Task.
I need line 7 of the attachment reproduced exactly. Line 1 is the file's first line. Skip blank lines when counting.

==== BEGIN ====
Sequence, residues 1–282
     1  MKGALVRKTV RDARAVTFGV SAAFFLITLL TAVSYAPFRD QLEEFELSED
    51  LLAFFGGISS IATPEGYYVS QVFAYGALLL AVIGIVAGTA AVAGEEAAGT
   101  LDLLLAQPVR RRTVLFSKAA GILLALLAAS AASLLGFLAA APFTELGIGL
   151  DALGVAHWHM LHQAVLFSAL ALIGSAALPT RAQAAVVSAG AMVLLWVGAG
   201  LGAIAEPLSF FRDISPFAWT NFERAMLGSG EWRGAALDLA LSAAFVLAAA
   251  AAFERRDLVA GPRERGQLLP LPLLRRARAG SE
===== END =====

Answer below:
   251  AAFERRDLVA GPRERGQLLP LPLLRRARAG SE